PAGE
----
The inclusion of the "paraphilias" in the DSM has at least two very negative impacts. The first is that is stigmatizes people with kinky sexual interests who only carry out those interests with consenting adults. Second, it reinforces the myth that feminist researches have been fighting against for decades that sexual violence is principally erotically motivated.

Thus, it is clear that there is a historical and ideological connection between the pathologization of asexuality and the "paraphilias." They had the exact same justification for their inclusion in DSM-III, and they both are regarded as "deviant" by a sexual ideology that sees sex as being for love and romance and possibly recreation. (I'm not saying that sex is never about this, only that an inseparable connection between them is problematic.) In my next post in this series, I'll explain some of the historical background necessary for understanding the proposal for including PCD in DSM-V.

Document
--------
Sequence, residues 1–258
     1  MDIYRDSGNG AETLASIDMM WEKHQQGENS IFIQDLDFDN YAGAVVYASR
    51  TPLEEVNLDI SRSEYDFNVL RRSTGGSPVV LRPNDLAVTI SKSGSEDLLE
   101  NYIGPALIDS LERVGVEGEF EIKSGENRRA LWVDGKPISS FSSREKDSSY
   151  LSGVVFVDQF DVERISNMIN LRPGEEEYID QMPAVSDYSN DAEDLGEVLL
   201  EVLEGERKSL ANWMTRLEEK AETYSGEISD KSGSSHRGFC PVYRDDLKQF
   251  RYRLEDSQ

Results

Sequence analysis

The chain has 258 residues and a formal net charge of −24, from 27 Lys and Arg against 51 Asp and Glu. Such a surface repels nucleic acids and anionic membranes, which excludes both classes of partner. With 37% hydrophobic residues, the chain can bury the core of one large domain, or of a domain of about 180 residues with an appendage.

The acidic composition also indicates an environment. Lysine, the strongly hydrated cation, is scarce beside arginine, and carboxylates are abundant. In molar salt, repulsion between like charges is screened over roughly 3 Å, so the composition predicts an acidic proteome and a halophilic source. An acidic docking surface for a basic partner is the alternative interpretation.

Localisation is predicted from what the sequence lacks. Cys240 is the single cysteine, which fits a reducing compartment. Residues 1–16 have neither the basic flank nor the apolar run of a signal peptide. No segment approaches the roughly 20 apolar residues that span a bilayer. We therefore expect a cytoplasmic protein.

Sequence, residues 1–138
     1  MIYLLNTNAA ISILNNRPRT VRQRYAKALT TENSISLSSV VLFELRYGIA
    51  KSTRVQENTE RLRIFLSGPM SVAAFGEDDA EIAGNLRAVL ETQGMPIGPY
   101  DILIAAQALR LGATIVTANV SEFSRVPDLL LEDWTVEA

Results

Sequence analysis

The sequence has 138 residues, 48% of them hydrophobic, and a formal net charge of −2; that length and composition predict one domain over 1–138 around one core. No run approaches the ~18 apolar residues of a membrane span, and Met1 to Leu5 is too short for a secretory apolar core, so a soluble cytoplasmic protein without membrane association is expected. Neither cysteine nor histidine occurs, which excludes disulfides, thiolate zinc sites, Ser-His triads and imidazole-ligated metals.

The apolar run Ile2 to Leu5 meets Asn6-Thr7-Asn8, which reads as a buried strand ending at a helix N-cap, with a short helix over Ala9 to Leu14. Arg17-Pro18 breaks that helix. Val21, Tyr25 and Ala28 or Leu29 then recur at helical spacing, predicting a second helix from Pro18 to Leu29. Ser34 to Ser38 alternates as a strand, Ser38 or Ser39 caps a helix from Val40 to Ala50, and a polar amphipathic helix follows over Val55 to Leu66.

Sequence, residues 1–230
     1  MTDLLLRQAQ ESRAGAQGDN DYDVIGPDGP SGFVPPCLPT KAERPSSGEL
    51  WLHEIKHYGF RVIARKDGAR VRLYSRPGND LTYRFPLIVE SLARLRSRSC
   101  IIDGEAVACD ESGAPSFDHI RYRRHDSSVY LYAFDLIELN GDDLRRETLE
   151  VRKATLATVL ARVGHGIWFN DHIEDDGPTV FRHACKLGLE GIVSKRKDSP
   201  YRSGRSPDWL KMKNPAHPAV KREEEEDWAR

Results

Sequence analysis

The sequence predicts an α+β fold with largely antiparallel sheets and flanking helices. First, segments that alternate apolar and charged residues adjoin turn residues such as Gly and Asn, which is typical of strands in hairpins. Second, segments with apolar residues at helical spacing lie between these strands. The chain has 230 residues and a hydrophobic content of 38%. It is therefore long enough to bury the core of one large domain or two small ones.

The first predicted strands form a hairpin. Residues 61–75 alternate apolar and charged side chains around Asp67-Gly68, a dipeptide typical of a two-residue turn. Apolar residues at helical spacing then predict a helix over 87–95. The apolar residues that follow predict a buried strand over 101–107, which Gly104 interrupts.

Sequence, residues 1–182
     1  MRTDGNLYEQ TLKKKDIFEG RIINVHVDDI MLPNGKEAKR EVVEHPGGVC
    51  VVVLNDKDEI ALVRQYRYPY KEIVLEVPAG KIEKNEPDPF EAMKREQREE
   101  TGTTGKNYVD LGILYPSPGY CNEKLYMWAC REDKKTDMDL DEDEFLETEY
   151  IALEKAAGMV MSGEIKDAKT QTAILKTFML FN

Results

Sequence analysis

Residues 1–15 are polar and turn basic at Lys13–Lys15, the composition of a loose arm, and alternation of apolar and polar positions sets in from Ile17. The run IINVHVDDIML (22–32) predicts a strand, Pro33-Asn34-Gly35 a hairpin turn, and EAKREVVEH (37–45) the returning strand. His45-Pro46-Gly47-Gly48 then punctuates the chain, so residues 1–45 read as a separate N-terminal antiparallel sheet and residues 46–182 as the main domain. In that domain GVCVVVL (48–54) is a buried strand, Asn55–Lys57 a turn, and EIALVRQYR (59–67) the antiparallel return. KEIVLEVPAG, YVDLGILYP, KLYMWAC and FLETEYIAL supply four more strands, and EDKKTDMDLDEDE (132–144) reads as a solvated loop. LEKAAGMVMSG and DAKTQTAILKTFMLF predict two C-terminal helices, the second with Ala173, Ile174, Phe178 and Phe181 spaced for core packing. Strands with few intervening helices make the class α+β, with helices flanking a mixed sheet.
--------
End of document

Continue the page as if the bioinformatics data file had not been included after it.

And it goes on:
SlightlyMetaphysical said...

Not much to say, just that I agree. I was going to write something on asexuality and fetishes, and I'm glad you've covered this medicalising side of it so well. The rise of homosexuality from back when everyone used to think of it as a fetish really questions why we keep these 'disorders'.

ACH said...

A lot of people are wondering this and have been wondering it for quite some time. Hopefully, more people will start questioning it, and start questing it more vocally. If your interested, I would definitely suggest the book "Homosexuality and American Psychiatry: The Politics of Diagnosis." It is very informative.

kristen said...

Whoo boy! Good post, very much my thoughts on the paraphilias category as well. I definitely have a lot of problems with the suggestion of paraphilic coercive disorder as well, so I'm looking forward to your post on that.